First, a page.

Dr. Leonard Calabrese, DO, is renowned in the field of HIV research. Now he is addressing the complexities of COVID19 and offers insights on immunotherapies in Rheumatology, Immunology and COVID-19: The Cytokine Storm and Open Trials.  More

 

4/22

Message from the President: Sharing COVID-19 Perspectives with Broader Audiences

There continues to be much conversation around how long to remain sheltered in place, and when and how we need to work as municipalities, states, regions and a country to be able to re-open our society and economy. However, science must remain our beacon, guiding decisions about how we move forward in our communities, workplaces, university campuses and beyond. More

4/21

FOX4 asked you to share your questions about the coronavirus, and we asked KCU Executive Dean and Vice President of Health Affairs, Dr. Darrin D'Agostino, to answer them. Full Story

 

4/21

Message from the President: Addressing Students' Financial Uncertainty During COVID-19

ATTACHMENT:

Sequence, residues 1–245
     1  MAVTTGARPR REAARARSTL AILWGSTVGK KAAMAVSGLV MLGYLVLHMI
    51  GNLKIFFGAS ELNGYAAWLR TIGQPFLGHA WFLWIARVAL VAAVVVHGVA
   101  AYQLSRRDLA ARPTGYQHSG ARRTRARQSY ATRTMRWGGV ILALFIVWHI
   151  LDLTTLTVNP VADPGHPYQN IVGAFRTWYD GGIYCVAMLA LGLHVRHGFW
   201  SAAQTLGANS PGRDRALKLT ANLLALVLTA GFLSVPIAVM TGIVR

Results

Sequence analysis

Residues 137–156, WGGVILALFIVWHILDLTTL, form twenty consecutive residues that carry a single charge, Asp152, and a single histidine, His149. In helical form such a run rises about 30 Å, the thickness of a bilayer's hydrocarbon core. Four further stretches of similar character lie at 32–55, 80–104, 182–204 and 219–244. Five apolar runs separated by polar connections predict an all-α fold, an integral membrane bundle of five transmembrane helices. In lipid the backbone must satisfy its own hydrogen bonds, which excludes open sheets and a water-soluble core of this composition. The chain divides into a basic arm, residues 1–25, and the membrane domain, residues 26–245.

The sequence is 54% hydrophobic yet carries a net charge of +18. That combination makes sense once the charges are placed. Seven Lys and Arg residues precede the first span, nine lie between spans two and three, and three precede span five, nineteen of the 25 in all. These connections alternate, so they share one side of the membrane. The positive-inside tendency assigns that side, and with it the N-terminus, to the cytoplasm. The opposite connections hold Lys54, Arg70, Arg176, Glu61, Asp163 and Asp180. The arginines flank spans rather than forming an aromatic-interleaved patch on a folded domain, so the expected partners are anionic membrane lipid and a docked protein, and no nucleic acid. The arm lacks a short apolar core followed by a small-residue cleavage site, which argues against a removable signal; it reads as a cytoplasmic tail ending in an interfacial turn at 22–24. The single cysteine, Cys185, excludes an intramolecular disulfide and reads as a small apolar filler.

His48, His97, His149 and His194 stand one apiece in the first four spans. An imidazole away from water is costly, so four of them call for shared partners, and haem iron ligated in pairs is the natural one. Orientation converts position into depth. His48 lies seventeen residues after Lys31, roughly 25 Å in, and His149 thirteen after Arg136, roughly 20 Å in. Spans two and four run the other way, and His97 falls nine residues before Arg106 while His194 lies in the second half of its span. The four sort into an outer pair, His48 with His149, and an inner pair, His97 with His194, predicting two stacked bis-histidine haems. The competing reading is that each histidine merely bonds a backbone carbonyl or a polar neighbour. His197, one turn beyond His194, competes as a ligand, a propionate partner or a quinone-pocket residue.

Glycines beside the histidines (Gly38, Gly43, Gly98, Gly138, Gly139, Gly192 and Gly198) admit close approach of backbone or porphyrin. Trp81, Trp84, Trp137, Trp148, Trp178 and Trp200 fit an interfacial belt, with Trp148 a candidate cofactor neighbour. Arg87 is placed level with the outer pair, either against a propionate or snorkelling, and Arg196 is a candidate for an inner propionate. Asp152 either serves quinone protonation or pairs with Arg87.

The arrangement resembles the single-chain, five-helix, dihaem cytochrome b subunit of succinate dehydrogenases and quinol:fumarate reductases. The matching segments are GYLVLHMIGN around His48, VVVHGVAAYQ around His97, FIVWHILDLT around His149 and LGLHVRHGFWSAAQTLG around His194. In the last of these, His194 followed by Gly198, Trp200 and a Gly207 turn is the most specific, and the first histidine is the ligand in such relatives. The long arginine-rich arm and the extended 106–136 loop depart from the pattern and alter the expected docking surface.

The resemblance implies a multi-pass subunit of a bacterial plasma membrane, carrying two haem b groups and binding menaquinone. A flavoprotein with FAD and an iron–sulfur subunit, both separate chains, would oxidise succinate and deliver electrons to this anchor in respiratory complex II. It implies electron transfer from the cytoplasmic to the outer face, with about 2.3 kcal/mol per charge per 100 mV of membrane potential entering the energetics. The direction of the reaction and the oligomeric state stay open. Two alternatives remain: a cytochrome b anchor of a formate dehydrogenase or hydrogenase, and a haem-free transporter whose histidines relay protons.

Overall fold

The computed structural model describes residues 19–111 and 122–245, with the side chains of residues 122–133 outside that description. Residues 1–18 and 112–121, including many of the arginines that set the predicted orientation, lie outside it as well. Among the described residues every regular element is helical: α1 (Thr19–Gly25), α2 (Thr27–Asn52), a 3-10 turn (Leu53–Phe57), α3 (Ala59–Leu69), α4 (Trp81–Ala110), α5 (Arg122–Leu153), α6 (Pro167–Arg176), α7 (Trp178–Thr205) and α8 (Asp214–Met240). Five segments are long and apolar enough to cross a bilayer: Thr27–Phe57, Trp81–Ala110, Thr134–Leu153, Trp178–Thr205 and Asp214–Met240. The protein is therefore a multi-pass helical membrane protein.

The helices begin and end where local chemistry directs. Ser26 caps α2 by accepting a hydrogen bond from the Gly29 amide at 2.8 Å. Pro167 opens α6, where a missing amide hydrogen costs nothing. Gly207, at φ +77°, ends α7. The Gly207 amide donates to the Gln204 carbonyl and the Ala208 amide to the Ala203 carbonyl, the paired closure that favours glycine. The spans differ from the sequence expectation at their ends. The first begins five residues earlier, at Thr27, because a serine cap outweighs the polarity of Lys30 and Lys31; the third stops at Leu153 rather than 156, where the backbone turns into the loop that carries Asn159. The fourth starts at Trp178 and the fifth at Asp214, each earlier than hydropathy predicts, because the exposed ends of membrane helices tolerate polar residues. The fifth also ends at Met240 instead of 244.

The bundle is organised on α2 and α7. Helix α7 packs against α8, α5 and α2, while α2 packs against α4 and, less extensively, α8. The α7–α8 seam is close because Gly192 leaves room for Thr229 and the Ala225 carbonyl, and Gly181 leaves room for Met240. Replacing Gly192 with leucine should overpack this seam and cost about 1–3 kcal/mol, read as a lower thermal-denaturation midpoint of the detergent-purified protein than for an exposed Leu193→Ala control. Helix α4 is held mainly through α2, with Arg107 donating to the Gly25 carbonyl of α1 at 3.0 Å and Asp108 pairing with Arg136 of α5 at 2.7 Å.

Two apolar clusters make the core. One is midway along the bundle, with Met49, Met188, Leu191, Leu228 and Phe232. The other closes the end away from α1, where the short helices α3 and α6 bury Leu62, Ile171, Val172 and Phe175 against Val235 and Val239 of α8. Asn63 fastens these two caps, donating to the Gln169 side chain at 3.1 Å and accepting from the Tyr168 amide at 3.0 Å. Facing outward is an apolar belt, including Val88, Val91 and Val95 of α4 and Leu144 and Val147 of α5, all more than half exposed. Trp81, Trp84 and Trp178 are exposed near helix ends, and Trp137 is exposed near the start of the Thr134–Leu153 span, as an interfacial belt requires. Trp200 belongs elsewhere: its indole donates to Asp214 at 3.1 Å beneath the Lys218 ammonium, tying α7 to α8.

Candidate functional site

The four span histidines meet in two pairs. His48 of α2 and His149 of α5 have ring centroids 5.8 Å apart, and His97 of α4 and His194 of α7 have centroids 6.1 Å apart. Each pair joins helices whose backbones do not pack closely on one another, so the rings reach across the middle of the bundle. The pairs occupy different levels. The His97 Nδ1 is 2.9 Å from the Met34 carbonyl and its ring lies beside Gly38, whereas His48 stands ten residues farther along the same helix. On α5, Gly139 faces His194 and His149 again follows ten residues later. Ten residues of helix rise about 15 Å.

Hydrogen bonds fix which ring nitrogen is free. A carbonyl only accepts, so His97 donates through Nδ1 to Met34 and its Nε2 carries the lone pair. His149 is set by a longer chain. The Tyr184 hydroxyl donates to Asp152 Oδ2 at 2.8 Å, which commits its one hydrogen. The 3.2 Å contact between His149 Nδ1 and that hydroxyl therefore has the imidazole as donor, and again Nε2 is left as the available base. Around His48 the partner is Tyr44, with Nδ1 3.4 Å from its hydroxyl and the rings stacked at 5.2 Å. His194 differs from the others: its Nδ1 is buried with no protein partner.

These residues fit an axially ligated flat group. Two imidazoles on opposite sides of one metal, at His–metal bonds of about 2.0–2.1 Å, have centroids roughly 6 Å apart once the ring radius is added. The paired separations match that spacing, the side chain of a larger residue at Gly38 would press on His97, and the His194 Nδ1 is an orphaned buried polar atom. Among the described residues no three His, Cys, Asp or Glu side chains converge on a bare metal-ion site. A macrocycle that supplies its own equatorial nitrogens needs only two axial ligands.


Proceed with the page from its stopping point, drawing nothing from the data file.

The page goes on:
It has been a priority for Kansas City University to keep the cost of education as low as possible for all of our students, having remained one of the ten least expensive private health science universities (MD or DO) in the nation. Especially now, we recognize the added financial hardships that many of our students and their families are facing because of the COVID-19 pandemic. More

 

4/16

Dr. D’Agostino answers the following questions on FOX4 News:

  • Since the metro area has not seen a huge rush of cases, some on social media are complaining this was all “media hype,” do you think KC has been spared so far due to the extreme measures?
  • How will this impact the future of public health?
  • Can a pregnant woman pass COVID-19 onto an unborn baby?
  • A lot of people are making their own face masks — and some are creating a slot for filters — trying to mimic the ones in n-95 masks. Does this method work?
  • Can COVID-19 be carried through ventilation systems or pipes in apartment buildings?
  • Full Story

 

4/14

Dr. D’Agostino answers the following questions on FOX4 News:

  • Should we all be tested before returning to work — especially since some people don’t show symptoms?